United Arab Emirates
Preprimary & Primary Education
Emirati women generally stay at home and take care of their younger children, sometimes with the assistance of expatriate domestics from the Philippines or Sri Lanka. Emirati families tend to be large and female family members often provide childcare for their younger relatives. Females make up only about 13 percent of UAE citizens in the work force. Childcare facilities are uncommon and the demand for them modest. They tend to cater to the needs of expatriate families who include a working mother.
Primary school education is compulsory for all UAE citizens starting at age six. Kindergartens, which are for children aged four and five, are generally considered to be part of the primary tier rather than a separate program. Interestingly, kindergarten is the only level where a majority of the teachers, all women, are UAE nationals rather than expatriates. Government policy is to provide teacher-student ratios of 1:20 at kindergarten and primary levels. As shown by recent UAE Government statistics from the Ministry of Education and Youth (2001), current teacher-student ratios are well within this proposed range. The teacher-student ratio of kindergarten and primary levels is 1:17.
Primary education is for six years divided into two three-year cycles, a basic or "junior primary stage" in which one teacher has a single class throughout the day, and the "senior primary stage," in which there are different teachers for the different school subjects. "Preparatory education" includes classes from Grades VII to IX of the first primary sequence or from Forms I to III of the preparatory stage. The school year extends over 32 weeks for both the kindergarten and the basic junior primary stage.
Core subjects in the junior primary stage include Islamic education, Arabic language, English language, mathematics, and science. Activity subjects include art, physical education, music, and family education for girls. The same subjects are taught at the senior primary stage, but the number of periods for some of them is increased. At the senior stage, social studies join the required subjects. The same subjects are taught at the preparatory stage with an increase in content and the number of class periods. Social studies become divided into three separate units that include history, geography and civics.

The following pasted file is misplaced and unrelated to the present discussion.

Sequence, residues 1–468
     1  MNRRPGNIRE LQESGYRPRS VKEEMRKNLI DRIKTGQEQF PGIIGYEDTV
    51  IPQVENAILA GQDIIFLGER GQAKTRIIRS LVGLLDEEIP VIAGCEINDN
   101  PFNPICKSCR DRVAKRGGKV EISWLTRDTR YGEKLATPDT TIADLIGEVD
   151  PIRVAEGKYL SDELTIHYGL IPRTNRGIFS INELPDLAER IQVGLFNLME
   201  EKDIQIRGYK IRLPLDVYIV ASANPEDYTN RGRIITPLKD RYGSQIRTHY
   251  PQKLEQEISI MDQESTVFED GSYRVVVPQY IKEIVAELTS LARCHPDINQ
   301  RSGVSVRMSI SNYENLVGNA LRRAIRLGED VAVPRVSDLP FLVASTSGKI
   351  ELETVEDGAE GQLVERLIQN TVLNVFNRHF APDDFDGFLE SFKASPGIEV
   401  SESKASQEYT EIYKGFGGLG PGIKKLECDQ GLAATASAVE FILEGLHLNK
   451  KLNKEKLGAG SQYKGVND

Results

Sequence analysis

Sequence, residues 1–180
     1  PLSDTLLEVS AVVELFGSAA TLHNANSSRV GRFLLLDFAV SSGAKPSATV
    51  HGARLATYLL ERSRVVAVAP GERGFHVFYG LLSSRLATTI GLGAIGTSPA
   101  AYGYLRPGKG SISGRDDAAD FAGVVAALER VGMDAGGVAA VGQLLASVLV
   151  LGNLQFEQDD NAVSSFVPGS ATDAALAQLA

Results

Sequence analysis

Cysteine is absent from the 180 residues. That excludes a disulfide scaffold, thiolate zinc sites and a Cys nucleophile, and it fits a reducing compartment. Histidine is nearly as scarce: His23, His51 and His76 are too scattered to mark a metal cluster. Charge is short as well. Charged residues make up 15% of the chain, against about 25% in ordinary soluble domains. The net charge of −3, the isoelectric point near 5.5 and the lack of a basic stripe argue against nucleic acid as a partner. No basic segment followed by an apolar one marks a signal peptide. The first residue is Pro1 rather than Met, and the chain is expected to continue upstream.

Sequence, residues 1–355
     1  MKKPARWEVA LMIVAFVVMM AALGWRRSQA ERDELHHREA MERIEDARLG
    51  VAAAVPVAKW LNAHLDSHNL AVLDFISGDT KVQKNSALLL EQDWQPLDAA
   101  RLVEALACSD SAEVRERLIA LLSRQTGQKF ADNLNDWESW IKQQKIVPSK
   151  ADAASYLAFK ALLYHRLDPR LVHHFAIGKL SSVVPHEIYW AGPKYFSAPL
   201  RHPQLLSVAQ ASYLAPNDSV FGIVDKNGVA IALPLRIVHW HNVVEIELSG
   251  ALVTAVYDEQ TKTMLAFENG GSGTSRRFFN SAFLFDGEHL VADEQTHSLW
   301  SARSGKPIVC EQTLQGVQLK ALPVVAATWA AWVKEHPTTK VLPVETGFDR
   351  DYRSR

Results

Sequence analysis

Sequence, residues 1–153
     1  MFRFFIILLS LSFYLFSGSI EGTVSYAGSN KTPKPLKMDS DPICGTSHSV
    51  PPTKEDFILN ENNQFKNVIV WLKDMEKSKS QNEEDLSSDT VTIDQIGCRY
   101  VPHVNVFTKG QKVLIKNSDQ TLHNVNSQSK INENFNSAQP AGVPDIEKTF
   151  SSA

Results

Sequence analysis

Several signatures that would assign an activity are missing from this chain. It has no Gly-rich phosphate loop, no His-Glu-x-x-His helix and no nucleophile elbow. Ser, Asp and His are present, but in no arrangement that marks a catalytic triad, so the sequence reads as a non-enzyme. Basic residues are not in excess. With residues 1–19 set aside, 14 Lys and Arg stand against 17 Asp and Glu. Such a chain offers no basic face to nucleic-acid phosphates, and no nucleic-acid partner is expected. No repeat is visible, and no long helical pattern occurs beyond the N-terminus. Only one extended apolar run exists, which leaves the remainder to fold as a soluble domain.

The Ministry of Education and Youth determines the curricula and defines the number of periods for each subject, pursuant to ministerial resolutions, which take into account curriculum developments and evaluation studies. In the senior stages it consists of 36 weeks and is divided into two terms. The length of the academic year at the different stages and the number of periods for each subject matter are specified in ministerial resolutions. Ministerial Resolution No. 2263/2 of 1995 specifies the number of teaching periods for the different subjects and activities for the primary and preparatory stages of general education. The time allocations include the primary stage with 32 weekly periods (hours) in Grades I-III, and 34 periods (boys) or 36 periods (girls) in Grades IV-VI. The preparatory stage has 34 weekly periods for boys or 36 periods for girls in each form.
Schooling, uniform costs, and related expenses are provided without charge to the students and school transportation is also free. Emirtas, the government establishment for public transportation, is responsible for transporting students to and from schools.
There are two general procedures for evaluation and examinations, one for the primary stage and one for both the preparatory and the secondary stages. A two-term academic year system is in place with each term considered a separate, independent unit. At the end of the academic year, successful students are awarded a certificate and are promoted to the next class. These certificates are authenticated and verified by the school and educational zone officials. The pass rate is generally over 90 percent. Dropout rates are in the 4-5 percent range.
A specific period is set aside at the end of each term for examinations, and students are promoted to higher grades according to their marks in both the examinations and coursework throughout the year. In both the preparatory and secondary stages, a test is held at the end of each term. A coursework mark is added to decide the student's final result. The diagnostic evaluations project for the basic curriculum requires teachers to prepare educational activities and to offer remedial activities to students with learning difficulties or higher cognitive activities to those with very high achievement.
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